That's the gospel.


    December 4, 2011 at 10:11 am |
  2. Ginamero

    If by committed you mean, 'willing to kill others because God says they are dirty and need to die,' then yes, those nuts are committed. Also, I think it's because most of their governments are that way and they were raises early believing it. It seems much like a paranoid religion to me and very misogynistic.

    December 4, 2011 at 10:11 am |
    • john

      Ginamero, its funny you sound so paranoid. Muslim are not as bad as you think, many religious nut job hijacked the religion and commit horrible crimes, they twist the meaning for their own purpose.

      December 4, 2011 at 10:55 am |
  3. Sonne

    If CNN thought this little article would help muslims, man did they get it wrong. I have Muslim friends and they are all pretty much anti-American. They are not radical or anything like that but they are taught to dislike America from a young age. Also, they are far more religous because being otherwise is not tolerated and even threatened with physical harm.

    If you are Muslim and diagree what I said, you are lying to yourself and everyone else on here.

    December 4, 2011 at 10:11 am |
    • fowzi

      hey its not that we are anti america, we just don't agree with the policy's they have, how they support Israeli while they commit continues war crimes against Palestine. I was born and raised in america i am a muslim, and i think those people who want to kill innocent people are those radicals which in my mind and millions of others are not considered to be muslim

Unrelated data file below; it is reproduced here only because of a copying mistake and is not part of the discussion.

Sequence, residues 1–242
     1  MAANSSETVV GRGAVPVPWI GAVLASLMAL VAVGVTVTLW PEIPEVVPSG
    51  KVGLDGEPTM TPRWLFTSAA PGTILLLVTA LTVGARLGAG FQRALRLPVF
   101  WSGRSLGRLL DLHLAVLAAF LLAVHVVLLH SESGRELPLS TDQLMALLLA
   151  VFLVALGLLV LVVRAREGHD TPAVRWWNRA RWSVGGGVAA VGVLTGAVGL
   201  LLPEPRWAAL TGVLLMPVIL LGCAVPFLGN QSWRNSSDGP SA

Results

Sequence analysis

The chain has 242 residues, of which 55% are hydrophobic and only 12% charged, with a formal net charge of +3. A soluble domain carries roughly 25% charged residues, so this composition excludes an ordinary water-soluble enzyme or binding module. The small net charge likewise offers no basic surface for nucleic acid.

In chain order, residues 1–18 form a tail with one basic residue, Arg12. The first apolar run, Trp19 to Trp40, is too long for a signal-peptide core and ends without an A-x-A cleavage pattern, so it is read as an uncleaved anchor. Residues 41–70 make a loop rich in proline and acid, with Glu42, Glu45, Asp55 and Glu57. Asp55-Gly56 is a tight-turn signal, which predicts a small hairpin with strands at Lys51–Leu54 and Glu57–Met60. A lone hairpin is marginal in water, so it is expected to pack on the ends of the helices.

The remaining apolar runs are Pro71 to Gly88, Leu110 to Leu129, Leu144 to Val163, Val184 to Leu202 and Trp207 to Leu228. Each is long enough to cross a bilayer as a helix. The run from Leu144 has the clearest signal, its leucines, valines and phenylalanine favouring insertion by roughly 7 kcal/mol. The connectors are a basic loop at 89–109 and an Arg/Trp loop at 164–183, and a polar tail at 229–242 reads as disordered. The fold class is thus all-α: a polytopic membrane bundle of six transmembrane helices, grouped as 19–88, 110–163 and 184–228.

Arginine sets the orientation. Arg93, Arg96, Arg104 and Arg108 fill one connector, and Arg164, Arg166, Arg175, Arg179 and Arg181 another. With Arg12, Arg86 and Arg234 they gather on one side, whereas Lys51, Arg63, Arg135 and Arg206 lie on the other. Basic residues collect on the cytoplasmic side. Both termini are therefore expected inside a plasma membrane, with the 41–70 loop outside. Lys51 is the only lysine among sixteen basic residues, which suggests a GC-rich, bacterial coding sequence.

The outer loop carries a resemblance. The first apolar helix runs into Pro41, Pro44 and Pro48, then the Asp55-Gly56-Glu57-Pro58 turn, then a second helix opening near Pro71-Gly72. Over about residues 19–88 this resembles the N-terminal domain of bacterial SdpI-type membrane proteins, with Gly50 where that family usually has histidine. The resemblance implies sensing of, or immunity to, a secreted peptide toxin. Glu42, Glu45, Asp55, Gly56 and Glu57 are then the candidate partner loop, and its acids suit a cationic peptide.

December 4, 2011 at 10:29 am |
    • john

      I agree with the fellow who replied to you. I am VERY proud to be and American, some of the US policy are not the best and in fact are considered violation international law. That does not mean i was taught to hate American, I love this country and would do anything to protect it. Not because i am muslim it means that i don't like this country. Islam does not hurt anyone who does not want to be muslim, its people who does that, religious nut case who does these things in the name of religion. Islam is the second largest religion in the World but it is growing at a faster rate than the largest religion in the World. I hope you meet some good muslim, your so called muslim friends are not good muslim if they hate America. I am proud to have been born in America and grew up in American and i am also proud to be a muslim

      December 4, 2011 at 11:03 am |
    • Prabu

      Two posts by the same Muslim liar. You were right, Sonne, and they fell for the bait and lied. Muslims are such bad liars.

      December 4, 2011 at 11:17 am |
  4. Don Jones

    Have you ever noticed the more tenuous the support for the belief the militant the followers. Take scientology or any other. All religions have very little suport with facts, or none, and the more absurd the basis the more fanatical the followers.

    December 4, 2011 at 10:11 am |
  5. JackB